Revised Standards outline minimum competencies for entry-level EMS clinicians to perform their roles
After a community-wide, collaborative effort, the newly updated National EMS Education Standards are now available. The Standards outline the critical topics to be covered in the initial education of EMS clinicians, based on the latest version of the National EMS Scope of Practice Model as well as recent research and best practices. The document defines the competencies, clinical behaviors, and judgments required of EMS personnel to perform their roles. They provide a high-level outline of those topics, and do not replace the need to develop a curriculum, nor are they intended to limit EMS educational programs from going beyond the Standards to meet student or community needs.
The National EMS Education Standards were first published in 2009, and this marks the first major revision. The National Highway Traffic Safety Administration (NHTSA) and the Health Resources and Services Administration, Maternal and Child Health Bureau’s EMS for Children Program funded the effort through a process led by the National Association of EMS Educators.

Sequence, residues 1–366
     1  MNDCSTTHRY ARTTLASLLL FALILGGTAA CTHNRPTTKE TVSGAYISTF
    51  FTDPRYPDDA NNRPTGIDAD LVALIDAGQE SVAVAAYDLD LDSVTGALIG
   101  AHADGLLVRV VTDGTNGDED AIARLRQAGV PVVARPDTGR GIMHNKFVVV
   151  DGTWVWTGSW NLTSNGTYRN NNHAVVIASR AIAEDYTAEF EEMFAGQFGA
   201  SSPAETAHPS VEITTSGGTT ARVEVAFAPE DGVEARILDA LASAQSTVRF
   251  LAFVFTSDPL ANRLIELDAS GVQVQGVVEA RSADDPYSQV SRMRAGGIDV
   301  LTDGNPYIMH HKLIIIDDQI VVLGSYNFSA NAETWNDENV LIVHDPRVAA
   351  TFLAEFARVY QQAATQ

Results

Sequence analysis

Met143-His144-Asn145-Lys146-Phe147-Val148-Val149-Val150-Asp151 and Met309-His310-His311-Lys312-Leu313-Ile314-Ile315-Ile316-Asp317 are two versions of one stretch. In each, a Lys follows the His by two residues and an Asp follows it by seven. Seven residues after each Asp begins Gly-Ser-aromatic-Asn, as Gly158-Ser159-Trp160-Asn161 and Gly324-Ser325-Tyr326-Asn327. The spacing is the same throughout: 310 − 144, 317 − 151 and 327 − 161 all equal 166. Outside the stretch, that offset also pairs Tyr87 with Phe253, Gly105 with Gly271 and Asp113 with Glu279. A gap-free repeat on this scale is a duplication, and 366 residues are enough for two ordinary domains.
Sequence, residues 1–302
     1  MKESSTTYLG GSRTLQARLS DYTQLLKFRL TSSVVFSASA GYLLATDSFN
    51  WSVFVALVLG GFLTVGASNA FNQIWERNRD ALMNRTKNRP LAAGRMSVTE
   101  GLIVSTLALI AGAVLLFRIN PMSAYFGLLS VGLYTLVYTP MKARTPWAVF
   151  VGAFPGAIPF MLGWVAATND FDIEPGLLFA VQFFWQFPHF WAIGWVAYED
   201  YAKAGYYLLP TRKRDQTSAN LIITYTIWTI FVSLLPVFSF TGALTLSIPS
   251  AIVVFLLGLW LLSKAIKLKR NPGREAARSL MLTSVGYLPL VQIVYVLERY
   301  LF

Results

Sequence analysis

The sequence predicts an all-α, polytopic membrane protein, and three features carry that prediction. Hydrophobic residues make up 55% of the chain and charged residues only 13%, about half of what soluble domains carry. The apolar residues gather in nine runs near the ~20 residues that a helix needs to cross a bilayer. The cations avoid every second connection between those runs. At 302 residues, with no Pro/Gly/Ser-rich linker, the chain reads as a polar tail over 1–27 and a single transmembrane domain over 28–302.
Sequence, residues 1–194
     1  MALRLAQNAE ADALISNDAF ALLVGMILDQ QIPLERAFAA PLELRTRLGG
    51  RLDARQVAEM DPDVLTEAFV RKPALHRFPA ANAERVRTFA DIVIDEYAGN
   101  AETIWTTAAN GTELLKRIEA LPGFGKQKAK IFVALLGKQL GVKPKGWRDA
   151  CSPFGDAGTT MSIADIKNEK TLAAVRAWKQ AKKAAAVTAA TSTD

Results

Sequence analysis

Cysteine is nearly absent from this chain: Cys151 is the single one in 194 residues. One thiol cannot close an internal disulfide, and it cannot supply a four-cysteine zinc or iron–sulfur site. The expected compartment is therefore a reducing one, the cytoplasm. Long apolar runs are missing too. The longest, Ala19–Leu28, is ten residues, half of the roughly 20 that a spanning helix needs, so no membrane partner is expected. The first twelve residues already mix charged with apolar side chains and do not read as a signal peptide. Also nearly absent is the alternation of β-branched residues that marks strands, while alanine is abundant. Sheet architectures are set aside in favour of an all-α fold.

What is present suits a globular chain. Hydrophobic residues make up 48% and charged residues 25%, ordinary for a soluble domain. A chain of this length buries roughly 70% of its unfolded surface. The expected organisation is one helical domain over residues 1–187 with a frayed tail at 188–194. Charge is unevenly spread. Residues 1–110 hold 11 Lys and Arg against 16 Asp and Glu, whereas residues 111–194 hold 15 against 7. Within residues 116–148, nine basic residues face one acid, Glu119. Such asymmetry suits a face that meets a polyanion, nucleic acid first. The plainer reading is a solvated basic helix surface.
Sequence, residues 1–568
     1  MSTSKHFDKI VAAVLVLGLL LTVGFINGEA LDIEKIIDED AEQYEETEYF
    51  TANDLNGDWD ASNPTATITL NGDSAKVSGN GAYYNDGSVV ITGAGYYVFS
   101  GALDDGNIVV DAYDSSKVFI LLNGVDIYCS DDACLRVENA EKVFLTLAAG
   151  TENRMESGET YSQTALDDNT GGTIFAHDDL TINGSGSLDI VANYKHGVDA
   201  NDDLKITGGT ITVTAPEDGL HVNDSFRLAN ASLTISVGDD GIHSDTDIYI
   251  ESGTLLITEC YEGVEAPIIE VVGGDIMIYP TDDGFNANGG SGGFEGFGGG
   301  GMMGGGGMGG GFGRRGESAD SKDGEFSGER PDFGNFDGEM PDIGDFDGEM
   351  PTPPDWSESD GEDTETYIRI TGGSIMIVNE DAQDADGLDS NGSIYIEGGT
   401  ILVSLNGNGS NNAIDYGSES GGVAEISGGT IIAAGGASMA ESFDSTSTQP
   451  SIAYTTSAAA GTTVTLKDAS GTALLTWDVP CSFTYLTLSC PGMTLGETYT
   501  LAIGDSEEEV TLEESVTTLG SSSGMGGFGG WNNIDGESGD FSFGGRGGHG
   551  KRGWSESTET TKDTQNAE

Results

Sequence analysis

“EMS clinicians are the most critical resource in our nation’s EMS systems, and education is the foundation upon which those clinicians are created,” said Dr. Jon Krohmer, director of the NHTSA Office of EMS. “These newly released National EMS Education Standards, created by the EMS community, will help educators and education content providers continue to create competent, compassionate clinicians dedicated to providing people-centered, evidence-based care to their communities.”
Visit EMS.gov to learn more about the revised 2021 National EMS Education Standards, download the Standards themselves, and find frequently asked questions about the project.